The Obesifier Waveform Animator

I call it the "Obesifier" because it makes your synth sound real phat!

This is another variation of the Multi Phase Waveform Animator circuit from Electronotes #87, by Bernie Hutchins, incorporating additional design ideas from EN #108 by Lester Ludwig.

Each of the 8 modulation stages produces a sort of PWM effect (actually Symmetrisized Ramp Modulation) on sloped input waveforms (saw, triangle, sine). The outputs of each of the stages are then summed. Since there are eight different modulation frequencies, the sound is much richer than PWM. You get the lush beating sound like three VCO's in parallel, but it only requires one VCO to drive the module. It's also very interesting to look at on a scope.


  • Saw, Tri, or Sine input
  • 8 independent modulation stages, six with fixed frequencies, two controlled by adjustable on board LFO's
  • One of the modulation LFO's can be overridden by an "Animator Control Input". This allows you to control the modulation of one stage with an external VCO, where you can use one that tracks the input signal VCO.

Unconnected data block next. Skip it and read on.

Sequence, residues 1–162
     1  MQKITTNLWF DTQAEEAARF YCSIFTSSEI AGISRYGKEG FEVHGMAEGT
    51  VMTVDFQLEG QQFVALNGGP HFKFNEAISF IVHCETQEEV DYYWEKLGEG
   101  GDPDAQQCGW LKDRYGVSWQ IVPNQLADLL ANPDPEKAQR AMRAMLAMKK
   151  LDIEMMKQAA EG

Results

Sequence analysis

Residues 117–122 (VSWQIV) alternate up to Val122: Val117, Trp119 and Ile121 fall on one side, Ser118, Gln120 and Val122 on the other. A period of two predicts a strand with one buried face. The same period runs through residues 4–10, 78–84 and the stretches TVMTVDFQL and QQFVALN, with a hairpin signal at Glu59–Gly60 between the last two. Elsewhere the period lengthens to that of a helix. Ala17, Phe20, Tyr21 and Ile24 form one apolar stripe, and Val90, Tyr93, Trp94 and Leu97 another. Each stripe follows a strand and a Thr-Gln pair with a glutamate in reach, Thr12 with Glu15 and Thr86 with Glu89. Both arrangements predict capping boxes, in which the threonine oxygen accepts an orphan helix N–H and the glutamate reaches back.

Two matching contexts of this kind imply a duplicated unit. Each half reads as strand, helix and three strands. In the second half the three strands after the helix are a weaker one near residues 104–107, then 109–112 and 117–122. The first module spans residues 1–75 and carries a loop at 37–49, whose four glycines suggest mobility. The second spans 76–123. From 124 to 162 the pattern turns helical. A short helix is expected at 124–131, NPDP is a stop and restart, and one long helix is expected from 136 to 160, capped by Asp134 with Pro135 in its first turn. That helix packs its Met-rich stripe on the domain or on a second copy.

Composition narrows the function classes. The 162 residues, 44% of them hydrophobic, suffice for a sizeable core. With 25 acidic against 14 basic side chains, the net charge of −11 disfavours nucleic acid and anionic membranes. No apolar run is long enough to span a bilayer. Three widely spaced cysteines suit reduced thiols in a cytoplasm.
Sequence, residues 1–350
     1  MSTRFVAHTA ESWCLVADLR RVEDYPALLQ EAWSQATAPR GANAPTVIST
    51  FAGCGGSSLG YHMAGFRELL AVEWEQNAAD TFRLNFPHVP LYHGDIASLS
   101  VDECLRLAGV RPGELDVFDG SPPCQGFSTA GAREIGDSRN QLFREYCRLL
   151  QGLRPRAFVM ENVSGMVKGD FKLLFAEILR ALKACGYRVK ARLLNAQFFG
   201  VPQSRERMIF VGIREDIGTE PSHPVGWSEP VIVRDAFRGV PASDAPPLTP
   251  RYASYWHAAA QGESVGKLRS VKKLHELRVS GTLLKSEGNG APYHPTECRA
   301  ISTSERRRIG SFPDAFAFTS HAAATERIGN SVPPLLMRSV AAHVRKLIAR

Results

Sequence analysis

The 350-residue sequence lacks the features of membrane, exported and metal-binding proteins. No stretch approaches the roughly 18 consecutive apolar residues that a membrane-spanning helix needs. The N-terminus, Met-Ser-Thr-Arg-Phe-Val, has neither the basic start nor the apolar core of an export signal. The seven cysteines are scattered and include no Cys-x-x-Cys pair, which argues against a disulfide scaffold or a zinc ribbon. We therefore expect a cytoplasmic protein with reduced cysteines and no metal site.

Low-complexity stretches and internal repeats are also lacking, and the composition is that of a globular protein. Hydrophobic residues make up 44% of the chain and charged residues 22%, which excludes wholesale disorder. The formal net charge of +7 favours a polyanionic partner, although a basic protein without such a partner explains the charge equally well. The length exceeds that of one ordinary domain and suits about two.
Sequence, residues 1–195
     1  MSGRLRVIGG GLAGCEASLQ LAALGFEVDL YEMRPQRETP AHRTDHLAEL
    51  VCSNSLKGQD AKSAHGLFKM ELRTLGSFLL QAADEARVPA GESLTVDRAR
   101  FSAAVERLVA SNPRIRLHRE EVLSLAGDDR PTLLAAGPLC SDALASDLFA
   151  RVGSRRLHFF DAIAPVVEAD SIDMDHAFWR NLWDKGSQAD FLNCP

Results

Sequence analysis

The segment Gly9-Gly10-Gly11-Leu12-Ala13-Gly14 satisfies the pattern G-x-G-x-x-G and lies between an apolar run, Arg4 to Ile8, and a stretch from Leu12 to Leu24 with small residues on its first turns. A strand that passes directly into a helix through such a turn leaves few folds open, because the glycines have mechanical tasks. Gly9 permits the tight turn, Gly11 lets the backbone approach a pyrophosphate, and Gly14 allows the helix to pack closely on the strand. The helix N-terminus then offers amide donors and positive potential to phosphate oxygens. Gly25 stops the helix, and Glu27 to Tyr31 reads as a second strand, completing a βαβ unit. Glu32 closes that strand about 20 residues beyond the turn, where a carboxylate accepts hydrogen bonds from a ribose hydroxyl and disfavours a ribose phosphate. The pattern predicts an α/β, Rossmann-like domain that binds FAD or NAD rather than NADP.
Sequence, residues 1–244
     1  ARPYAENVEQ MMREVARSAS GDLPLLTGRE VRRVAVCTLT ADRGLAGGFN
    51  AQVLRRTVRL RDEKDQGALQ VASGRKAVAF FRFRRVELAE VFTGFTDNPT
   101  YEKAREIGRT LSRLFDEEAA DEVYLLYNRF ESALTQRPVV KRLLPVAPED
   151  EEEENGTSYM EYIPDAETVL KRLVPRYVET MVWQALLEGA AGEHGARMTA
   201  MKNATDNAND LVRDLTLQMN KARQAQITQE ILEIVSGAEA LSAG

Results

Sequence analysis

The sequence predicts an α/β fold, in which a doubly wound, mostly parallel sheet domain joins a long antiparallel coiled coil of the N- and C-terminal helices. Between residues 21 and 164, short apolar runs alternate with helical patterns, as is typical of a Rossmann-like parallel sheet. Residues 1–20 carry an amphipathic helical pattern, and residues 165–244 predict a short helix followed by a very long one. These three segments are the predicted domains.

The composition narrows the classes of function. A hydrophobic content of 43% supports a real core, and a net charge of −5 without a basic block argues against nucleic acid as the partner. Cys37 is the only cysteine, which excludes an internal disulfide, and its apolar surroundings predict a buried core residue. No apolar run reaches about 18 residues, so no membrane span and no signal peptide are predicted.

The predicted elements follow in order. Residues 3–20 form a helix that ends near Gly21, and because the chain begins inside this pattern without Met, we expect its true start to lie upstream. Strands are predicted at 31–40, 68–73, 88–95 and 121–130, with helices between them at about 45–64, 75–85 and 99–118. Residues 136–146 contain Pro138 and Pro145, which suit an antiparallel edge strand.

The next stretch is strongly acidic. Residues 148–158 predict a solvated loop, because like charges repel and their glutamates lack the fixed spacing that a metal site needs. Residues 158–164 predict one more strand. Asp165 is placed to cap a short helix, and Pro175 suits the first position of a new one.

• On board LFO's have adjustable frequency and level, and triangle outputs are brought to front panel so they can be used for other purposes
  • Two output types: Animated "Saw" and animated Triangle

The animated triangle output has a mellower, more subtle sound than the animated "Saw". Listen to the sound samples.

  • PCB built and stuffed
  • PCB tested and working
  • Mounted to panel
  • Obesifier Waveform Animator schematic

    Sound samples

    A bit of clipping on some of these, but they still sound pretty good.

    Tips for use:

    • Input waveform should be approximately +/-5v amplitude saw, tri, or sine
    • Even with no input, you get popping sounds as each of the modulations stages reset. So make sure you put your VCA after the Obesifier in the chain. The best way to use it is to think of it as an extension of a VCO.
    • Sounds best with low frequency drones
    I made a one sided PCB for it. Way too many jumper wires! This circuit could really use an SMT implementation.

    ©2003 Scott Bernardi